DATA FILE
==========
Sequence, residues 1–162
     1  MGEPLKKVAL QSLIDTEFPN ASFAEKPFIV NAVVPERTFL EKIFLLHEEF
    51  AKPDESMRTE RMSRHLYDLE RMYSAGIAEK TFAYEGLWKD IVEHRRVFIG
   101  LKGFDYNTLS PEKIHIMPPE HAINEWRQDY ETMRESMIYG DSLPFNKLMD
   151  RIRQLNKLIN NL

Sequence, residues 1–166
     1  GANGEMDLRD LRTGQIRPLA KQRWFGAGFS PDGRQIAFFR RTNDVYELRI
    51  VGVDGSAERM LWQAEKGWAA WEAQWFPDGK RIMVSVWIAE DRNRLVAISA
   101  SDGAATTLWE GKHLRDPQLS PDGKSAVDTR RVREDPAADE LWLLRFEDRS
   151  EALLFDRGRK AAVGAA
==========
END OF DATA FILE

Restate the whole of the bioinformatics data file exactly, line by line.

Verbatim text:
Sequence, residues 1–162
     1  MGEPLKKVAL QSLIDTEFPN ASFAEKPFIV NAVVPERTFL EKIFLLHEEF
    51  AKPDESMRTE RMSRHLYDLE RMYSAGIAEK TFAYEGLWKD IVEHRRVFIG
   101  LKGFDYNTLS PEKIHIMPPE HAINEWRQDY ETMRESMIYG DSLPFNKLMD
   151  RIRQLNKLIN NL

Sequence, residues 1–166
     1  GANGEMDLRD LRTGQIRPLA KQRWFGAGFS PDGRQIAFFR RTNDVYELRI
    51  VGVDGSAERM LWQAEKGWAA WEAQWFPDGK RIMVSVWIAE DRNRLVAISA
   101  SDGAATTLWE GKHLRDPQLS PDGKSAVDTR RVREDPAADE LWLLRFEDRS
   151  EALLFDRGRK AAVGAA